Wednesday, May 9, 2007

Exploring Careers and Jobs in the Airline Industry

While becoming a flight attendant is one of the most acknowledged careers within the airline industry, there are plenty of other jobs to consider when exploring this particular field. With varying levels of customer care, education, as well as math and science requirements, there are many different opportunities to explore when considering a job with an airline or airport.

Different Career Fields in the Airline Industry

The airline industry provides jobs that place employees both in the air and on the ground. When it comes to being a part of the cabin crew, there are different levels of seniority and responsibility to take note of. For example, varying degrees of flight attendants include first-class, trainer, corporate or VIP services, as well as management. The flight crew includes employee positions, such as training captain, command, pilot, co-pilot, and flight engineer.

Engineering is a separate category as well, where licensed engineers are needed to attend to the airframe, engines, and avionics. On the ground, employees may handle traffic, operations, performance, crewing, route planning, passenger services, or management positions. Administrative responsibilities usually deal with a certain level of experience and education. Employees in this sector often control the following areas: finance, commercial sales, marketing, IT, personnel, senior management, as well as director positions.

Additional jobs associated with the airline industry include skycap services, air cargo handler, airline support, flight dispatcher, and ramp service personnel.

Airline Experience and Education

As you explore the many different positions that the airline industry furnishes, a certain level of experience and education might be required to qualify for a particular job. Usually customer contact roles demand the least amount of education, but thrive off of extensive experience with personal interaction, patience, and customer service.

Telephone sales agents are trained to sell tickets for flights, where a standard high school education and previous experience dealing with customers is needed. Customer service agents may excel in the fields of English, math, and geography, as they man the airline check-in stations, boarding pass outlets, answer questions about flights, and check bags.

The airline industry also provides an assortment of careers that do not directly deal with the consumer. Aircraft maintenance engineers (also referred to as ground engineers) are responsible for the service and repair of aircraft while on the ground. They are trained in mechanical or avionics engineering, which also entails working on electrical and electronic systems, radio, audio, hydraulics and pneumatics. Qualifications for this kind of work include 3 to 4 years of a craft apprenticeship; good grades in math, English, science, and physics, or full-time college courses in Aeronautical Engineering.

Airline pilots require a CPL (commercial pilot's license) and may also use any experience gained when flying aircraft in the military. Depending on the airline, a certain number of flying hours are needed to fill the position of a pilot.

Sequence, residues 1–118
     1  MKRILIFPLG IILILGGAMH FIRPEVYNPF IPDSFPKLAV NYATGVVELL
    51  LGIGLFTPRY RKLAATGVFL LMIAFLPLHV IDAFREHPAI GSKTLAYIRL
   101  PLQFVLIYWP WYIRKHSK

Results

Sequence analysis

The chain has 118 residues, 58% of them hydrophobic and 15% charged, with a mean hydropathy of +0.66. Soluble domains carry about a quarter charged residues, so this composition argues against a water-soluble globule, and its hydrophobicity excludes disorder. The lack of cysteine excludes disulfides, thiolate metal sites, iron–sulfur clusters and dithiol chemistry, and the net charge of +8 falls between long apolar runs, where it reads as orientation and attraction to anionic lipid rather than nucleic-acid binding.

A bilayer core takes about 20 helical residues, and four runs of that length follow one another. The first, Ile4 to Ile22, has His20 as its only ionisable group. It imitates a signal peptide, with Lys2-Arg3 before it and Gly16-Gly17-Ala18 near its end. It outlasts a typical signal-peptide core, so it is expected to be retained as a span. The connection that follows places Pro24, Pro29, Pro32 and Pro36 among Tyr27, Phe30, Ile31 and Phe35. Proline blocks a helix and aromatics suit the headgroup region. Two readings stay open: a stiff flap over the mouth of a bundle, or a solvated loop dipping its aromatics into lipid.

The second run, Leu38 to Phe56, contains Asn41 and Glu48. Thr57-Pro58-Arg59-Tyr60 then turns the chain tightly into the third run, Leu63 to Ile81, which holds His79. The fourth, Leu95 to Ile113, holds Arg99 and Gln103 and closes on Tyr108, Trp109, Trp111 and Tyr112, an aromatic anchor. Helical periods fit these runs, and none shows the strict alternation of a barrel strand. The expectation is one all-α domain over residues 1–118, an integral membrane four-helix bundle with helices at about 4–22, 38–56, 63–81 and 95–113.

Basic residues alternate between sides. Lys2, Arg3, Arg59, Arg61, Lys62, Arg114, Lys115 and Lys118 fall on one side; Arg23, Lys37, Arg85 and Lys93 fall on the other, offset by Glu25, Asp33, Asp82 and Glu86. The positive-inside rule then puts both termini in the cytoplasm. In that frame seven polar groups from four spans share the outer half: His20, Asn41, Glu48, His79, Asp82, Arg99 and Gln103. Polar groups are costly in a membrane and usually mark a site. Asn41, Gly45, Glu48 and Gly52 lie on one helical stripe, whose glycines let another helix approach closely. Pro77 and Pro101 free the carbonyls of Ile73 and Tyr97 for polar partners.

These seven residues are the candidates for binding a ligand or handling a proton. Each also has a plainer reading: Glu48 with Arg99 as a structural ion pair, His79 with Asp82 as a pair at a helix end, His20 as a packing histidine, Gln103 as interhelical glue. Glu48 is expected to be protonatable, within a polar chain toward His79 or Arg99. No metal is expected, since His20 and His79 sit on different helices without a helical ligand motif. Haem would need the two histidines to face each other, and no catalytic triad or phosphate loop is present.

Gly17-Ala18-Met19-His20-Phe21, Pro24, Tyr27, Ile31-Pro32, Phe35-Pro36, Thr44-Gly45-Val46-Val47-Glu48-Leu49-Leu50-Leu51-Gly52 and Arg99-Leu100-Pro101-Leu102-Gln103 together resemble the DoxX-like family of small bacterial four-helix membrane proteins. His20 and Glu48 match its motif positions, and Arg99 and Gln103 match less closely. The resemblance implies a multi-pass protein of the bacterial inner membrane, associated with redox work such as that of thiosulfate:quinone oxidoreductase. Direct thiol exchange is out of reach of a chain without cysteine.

Commercial aircrafts are packed with an array of items to accommodate their passengers. Anything from food, beverages, snacks, newspapers, movies, and extra pillows are available upon request. All of these items pass through the hands of employees who handle and prepare these products through a catering division associated with an airport. There are no specific education requirements attached to this line of work.

Airline Industry Salary and Benefits

Depending on the company you work for, an assortment of decent benefit and salary packages are offered for workers in the airline industry. For example, United is a popular airline that travels throughout the world. Employees receive competitive benefits that range from worldwide travel privileges for eligible family members, life insurance, health and dental packages, and 401(k). Paid holidays, stock options, and pension plans are also benefits that an airline may offer their employees.

When it comes to the salary of an airline employee, location and years of experience help determine wages. For example, flight attendants must possess a high school diploma or an equivalent, but today, a college degree is often preferred. For a management or supervisor position, advanced education helps. Some schools and college offer flight attendant training, which helps boost an application wading in the job pool. Most beginning flight attendants earn a low-range of under $20,000 per year, while the median salary is found around $28,000 to $56,000. Some senior level attendants may earn close to $80,000.

Additional average salaries for airline-related careers and jobs include: aircraft electrician ($35,777 - $44,847), chief flight inspector ($68,319 - $99,965), large jet pilot in command ($84,567 - $136,612), test pilot manager ($78,540 - $192,607), and flight scheduler ($34,050 - $73,762).

In the United States, there are numerous airlines providing local jobs, such as Delta, Northwest, Southwest, Jet Blue, Spirit, and American Airlines. Popular Canadian airlines to seek employment include Canadian Airlines International, Air Canada, and Air Canada Jazz.

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